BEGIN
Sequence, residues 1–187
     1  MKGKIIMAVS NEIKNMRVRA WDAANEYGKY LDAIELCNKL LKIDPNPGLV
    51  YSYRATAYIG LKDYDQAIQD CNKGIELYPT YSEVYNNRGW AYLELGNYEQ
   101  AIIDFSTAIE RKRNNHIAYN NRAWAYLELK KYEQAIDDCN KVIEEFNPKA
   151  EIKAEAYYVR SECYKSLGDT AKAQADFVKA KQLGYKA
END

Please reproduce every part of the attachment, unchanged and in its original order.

Sequence, residues 1–187
     1  MKGKIIMAVS NEIKNMRVRA WDAANEYGKY LDAIELCNKL LKIDPNPGLV
    51  YSYRATAYIG LKDYDQAIQD CNKGIELYPT YSEVYNNRGW AYLELGNYEQ
   101  AIIDFSTAIE RKRNNHIAYN NRAWAYLELK KYEQAIDDCN KVIEEFNPKA
   151  EIKAEAYYVR SECYKSLGDT AKAQADFVKA KQLGYKA